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Council Chair Sharon Stover began her address for the new White Rock Visitor Center and the N.M.4 redesign ribbon cutting ceremony with “White Rock rocks.”
A new report from Coldwell Banker Real Estate would appear to back that up. The “Best Places to Live for Suburbanites” ranks White Rock as 16th out of 11,000 suburbs in the United States. In the state of New Mexico, it topped the list at number one.
The report, compiled with the assistance of Onboard Informatics, evaluated communities on a range of features, such as access to grocery stores and banks as well as outdoor activities, proximity to good schools and community safety.
“Having lived in White Rock for 30 years, it’s easy to understand why we were selected 16th out of 11,000 communities as one of the best to live,” Council Chair Sharon Stover wrote in response to some questions about the survey.
“We have access to necessities via Metzger’s for hardware, three gas stations, Smith’s for groceries, and an outstanding LANB branch where everyone knows you by your name.
“Our special features are Overlook Regional Park and gateway access to Bandelier. White Rock is often called the ‘banana belt’ of our county, because we are further from the mountain and get more sun.
“Another amenity I value is how safe and easy it is to travel around White Rock. Our streets are wide, which makes it safe for bicyclists and joggers; our sidewalks are in good condition and people walk the loop early in the morning and late at night. I always felt fortunate that our kids could walk to school each day.”
“We have a community of people who live in White Rock who are very proud of where we live,” said White Rock Master Plan Implementation Committee (WRMPIC) member Tony Fox. “I think that showed on Friday with the large turnout for the opening of the Visitor Center. We care about each other and about our community.”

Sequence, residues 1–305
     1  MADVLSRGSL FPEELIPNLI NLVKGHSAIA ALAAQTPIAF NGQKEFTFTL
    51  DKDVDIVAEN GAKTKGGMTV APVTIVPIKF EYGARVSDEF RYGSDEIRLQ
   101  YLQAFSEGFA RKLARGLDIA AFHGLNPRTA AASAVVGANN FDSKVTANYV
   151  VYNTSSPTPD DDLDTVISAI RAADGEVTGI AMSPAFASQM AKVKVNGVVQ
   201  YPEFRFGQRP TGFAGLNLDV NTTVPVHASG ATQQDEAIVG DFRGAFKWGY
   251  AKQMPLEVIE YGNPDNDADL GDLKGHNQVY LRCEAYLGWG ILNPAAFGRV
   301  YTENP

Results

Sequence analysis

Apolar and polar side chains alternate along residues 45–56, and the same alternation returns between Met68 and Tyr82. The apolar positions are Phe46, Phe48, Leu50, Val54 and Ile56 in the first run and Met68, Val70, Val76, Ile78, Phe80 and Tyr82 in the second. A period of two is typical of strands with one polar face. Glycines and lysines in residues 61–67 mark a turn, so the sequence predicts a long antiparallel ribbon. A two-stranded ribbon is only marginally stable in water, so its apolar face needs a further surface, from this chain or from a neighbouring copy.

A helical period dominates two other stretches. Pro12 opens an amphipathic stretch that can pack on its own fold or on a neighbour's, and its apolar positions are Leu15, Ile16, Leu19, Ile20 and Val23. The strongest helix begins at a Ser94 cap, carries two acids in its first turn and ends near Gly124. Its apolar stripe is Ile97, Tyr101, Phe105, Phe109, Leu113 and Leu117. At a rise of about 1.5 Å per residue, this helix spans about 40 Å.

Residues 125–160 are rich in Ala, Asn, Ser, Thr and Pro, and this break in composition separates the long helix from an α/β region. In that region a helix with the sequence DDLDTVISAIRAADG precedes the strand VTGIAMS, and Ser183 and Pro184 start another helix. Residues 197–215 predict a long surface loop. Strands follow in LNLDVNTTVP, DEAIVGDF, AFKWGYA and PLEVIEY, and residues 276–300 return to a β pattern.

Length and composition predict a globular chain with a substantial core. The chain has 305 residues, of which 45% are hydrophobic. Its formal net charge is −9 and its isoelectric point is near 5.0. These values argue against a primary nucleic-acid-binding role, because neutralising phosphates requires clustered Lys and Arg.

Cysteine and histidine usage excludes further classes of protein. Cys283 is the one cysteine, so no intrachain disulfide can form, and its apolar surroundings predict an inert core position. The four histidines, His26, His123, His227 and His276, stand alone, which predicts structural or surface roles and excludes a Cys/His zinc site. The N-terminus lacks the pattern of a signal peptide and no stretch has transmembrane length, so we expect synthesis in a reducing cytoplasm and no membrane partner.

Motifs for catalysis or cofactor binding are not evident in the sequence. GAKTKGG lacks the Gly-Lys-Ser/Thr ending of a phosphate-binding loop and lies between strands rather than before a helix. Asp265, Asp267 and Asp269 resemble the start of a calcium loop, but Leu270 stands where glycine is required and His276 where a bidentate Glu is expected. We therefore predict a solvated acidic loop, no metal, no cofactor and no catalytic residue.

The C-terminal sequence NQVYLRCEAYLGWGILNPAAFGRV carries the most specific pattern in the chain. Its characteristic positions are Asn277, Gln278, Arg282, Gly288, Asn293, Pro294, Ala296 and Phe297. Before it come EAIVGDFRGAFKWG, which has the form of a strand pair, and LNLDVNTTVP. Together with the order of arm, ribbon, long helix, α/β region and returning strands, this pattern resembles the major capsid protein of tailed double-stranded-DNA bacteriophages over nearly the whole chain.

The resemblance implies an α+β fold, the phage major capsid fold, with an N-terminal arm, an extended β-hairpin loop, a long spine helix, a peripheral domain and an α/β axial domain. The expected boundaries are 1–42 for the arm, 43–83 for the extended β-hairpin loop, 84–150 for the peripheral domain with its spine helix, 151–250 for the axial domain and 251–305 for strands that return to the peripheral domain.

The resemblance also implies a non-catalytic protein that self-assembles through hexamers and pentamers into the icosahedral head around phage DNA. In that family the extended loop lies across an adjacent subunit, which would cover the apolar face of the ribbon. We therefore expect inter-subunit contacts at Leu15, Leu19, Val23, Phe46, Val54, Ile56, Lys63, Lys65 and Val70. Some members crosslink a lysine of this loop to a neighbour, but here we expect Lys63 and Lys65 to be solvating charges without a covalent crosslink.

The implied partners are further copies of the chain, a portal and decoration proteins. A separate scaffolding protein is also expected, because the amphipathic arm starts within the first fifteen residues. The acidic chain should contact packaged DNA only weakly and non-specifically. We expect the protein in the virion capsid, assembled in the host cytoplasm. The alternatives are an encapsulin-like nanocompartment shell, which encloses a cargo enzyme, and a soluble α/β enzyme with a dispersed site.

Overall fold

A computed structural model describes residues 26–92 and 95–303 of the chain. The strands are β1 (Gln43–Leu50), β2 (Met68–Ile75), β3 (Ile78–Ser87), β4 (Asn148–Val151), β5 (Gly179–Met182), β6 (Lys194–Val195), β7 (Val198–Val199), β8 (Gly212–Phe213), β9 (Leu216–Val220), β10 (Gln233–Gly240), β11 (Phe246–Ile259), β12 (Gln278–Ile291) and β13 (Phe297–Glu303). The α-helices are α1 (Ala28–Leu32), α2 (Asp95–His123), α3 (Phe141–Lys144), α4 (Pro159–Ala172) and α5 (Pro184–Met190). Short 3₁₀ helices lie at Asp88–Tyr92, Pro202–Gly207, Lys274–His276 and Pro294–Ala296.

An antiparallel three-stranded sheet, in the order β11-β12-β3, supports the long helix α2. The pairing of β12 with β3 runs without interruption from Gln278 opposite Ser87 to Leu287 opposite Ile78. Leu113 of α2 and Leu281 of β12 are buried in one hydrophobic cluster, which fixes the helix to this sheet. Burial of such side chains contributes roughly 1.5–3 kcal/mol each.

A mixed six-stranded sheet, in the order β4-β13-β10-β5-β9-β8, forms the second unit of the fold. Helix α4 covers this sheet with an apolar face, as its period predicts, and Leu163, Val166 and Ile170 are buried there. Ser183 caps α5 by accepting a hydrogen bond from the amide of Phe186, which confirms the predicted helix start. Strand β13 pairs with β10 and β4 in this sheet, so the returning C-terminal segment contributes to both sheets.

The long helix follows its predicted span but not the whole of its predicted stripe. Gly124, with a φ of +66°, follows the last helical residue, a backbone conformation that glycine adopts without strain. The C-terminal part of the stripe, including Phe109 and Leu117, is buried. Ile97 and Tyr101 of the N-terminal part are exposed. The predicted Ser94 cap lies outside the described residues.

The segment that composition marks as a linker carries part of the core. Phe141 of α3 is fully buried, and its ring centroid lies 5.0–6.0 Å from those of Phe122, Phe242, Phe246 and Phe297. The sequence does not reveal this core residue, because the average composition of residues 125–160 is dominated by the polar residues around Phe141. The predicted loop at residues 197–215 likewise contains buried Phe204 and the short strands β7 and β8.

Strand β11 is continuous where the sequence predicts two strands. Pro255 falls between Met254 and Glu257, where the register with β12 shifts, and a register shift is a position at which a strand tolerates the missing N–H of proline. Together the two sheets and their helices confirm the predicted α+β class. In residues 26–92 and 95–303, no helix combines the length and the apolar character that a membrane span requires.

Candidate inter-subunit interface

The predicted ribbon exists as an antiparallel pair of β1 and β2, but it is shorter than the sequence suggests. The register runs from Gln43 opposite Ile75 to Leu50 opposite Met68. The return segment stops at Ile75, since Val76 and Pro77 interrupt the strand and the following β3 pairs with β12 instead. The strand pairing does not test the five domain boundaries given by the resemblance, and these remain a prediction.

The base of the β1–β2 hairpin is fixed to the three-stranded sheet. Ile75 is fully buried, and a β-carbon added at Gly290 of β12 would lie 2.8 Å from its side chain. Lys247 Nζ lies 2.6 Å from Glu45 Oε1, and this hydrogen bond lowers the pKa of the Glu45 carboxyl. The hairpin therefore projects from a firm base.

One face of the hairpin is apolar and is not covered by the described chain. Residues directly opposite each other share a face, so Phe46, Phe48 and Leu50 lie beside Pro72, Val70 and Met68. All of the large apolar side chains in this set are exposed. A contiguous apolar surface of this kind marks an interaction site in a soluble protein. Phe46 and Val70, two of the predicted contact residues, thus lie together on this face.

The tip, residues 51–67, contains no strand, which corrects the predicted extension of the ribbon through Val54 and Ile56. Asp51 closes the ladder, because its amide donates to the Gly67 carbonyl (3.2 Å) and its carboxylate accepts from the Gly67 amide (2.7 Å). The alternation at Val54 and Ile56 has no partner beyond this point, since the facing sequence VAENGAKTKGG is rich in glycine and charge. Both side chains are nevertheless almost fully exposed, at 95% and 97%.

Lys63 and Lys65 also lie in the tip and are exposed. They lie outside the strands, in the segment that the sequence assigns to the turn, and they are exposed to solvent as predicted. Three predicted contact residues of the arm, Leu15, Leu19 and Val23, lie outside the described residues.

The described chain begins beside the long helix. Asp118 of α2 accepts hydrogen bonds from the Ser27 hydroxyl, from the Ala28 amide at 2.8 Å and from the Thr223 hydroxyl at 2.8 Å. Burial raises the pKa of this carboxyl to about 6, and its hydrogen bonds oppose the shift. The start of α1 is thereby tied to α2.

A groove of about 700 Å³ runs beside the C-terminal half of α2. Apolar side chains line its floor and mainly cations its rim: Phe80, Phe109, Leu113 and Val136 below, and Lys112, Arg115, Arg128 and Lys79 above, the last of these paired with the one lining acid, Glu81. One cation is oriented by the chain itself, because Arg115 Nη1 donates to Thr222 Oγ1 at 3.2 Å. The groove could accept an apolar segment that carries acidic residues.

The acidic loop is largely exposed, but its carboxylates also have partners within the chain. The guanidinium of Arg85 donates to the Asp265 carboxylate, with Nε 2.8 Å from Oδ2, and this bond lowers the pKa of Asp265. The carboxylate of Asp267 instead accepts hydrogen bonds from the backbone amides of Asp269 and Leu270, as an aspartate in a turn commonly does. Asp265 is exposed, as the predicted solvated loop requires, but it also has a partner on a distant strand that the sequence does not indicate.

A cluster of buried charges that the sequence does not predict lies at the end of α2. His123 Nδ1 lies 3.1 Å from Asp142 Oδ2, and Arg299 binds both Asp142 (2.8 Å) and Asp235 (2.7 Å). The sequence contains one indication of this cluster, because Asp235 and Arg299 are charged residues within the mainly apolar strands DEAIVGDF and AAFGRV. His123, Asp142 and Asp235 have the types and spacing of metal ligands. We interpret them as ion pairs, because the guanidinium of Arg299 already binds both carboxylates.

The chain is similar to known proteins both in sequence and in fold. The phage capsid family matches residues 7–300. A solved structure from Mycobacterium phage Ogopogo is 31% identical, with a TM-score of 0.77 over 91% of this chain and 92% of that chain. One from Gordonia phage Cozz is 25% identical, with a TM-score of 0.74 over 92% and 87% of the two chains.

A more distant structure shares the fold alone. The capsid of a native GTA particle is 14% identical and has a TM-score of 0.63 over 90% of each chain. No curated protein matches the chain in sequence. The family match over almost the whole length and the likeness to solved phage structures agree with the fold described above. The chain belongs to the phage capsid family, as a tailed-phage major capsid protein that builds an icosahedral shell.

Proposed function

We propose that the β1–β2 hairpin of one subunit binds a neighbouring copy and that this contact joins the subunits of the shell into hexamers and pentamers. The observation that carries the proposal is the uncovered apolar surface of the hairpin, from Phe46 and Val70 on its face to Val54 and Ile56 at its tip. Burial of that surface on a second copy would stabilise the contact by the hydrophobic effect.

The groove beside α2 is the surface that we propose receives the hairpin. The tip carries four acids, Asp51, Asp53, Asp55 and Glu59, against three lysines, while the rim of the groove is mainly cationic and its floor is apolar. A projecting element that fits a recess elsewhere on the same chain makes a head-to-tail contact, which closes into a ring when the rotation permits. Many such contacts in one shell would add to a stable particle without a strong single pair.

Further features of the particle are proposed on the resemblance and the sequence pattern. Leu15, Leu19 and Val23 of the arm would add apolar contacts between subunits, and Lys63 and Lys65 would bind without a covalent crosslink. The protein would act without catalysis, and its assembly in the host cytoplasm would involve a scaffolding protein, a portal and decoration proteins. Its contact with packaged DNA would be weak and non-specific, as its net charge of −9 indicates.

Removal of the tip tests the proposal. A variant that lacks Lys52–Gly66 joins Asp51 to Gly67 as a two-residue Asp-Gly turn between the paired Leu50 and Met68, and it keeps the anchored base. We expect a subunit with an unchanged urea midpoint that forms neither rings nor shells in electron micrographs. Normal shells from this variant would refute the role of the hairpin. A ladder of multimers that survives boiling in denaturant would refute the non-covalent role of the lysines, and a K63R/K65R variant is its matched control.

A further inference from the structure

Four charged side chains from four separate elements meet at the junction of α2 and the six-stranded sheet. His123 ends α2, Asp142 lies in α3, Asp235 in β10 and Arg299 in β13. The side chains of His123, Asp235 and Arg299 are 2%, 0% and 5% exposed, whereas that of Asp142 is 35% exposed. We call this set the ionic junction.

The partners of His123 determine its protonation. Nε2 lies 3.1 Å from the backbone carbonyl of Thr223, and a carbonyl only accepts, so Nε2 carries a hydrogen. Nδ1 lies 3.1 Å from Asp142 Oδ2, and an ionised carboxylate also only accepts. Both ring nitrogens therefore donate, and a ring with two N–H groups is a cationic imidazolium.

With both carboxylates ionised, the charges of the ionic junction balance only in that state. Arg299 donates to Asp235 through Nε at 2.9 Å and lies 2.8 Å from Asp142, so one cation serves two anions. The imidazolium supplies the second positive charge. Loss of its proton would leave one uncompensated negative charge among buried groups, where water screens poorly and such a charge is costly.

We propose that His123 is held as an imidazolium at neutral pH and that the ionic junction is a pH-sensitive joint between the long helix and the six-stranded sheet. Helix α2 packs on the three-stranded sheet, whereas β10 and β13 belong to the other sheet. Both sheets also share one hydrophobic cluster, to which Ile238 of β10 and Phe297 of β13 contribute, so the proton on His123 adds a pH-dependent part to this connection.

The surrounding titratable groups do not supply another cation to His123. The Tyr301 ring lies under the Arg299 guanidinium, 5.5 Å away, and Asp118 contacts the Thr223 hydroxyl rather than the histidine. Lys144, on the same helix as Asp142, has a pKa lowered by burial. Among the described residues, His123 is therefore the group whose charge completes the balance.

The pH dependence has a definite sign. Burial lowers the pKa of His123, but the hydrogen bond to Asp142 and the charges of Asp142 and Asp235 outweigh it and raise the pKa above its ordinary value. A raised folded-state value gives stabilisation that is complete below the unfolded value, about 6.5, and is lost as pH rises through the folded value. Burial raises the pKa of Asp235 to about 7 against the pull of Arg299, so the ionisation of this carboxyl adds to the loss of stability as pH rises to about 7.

The excitement was palpable at Friday’s ceremonies. More than 100 people turned out for the event, including two sixth grade civic classes from Piñon Elementary School.
The 3,281-square-foot facility, which cost $3,324,897, features displays about the area, a media room, a glass façade that capitalizes on showing off the area’s landscape, RV parking and picnic areas outside. The N.M.4 improvements cost $6,886,735.
“The goal of the project has been to restore White Rock to its former glory days. Many of us remember when White Rock had plenty of shopping, restaurants, businesses and activities for families,” Stover said. “All actions have been designed to bring life back to White Rock.”
Stover spoke about how the Bandelier Shuttle pilot project and the visitor center should help to capitalize on tourism. “White Rock is perfectly poised to capture new business opportunities for visitors coming to the center and the RV park to stay, play and explore all that this great community, our community–as well as Los Alamos– has to offer.”
Stover and committee members credit the Los Alamos County Council for its decision in 2008 to commit $20 million to spur White Rock’s revitalization.
Fox cited the WRMPIC as evidence of the White Rock community’s commitment. “I’ve never been on such a hard working committee,” Fox said. “It’s a dedicated, thoughtful group of people working to invest the county’s money in the best way possible. You saw the result Friday with two great projects, and there are two more in the hopper.”
Fox was referring to plans to build a new library, renovate the current community center and expand and improve the Canada del Buey trail system.
Fox and his wife chose White Rock for its short commute to Española, where he is employed as the Scholarship Program Officer for the Los Alamos National Laboratory Foundation. They liked the schools, the affordable housing and the safe and friendly environment.
“You can come home from work and have access to trails. When you walk around your neighborhood you’ll see neighbors you know,” Fox said. “I feel safe, and feel I can let my kids run around and play in the yard because it’s safe.”
Fox and other committee members expect the new development to address White Rock’s weaknesses, such as a lack of restaurants and retail development. The town has seen a steady decline in such amenities for the past 25 years.
“The projects unveiled at the grand opening are sure to attract those things to White Rock,” Fox said. “We’re lucky to have such a wonderful community. I’m really excited about the future of our little burg.”
“It was the purpose of the White Rock Master Plan to catalyze development,” said WRMPIC Vice-Chair Katy Korkos. “I feel the Visitor Center has the potential to bring economic development to White Rock, and the community has the potential to make this economically viable.”
“I moved to White Rock in 1983. I wanted to open a business and I chose White Rock and Los Alamos County because it was so prosperous, nice and truly inviting,” Korkos said.
Although Los Alamos did not make the top 100 list, it did rank third among New Mexico’s best suburban communities.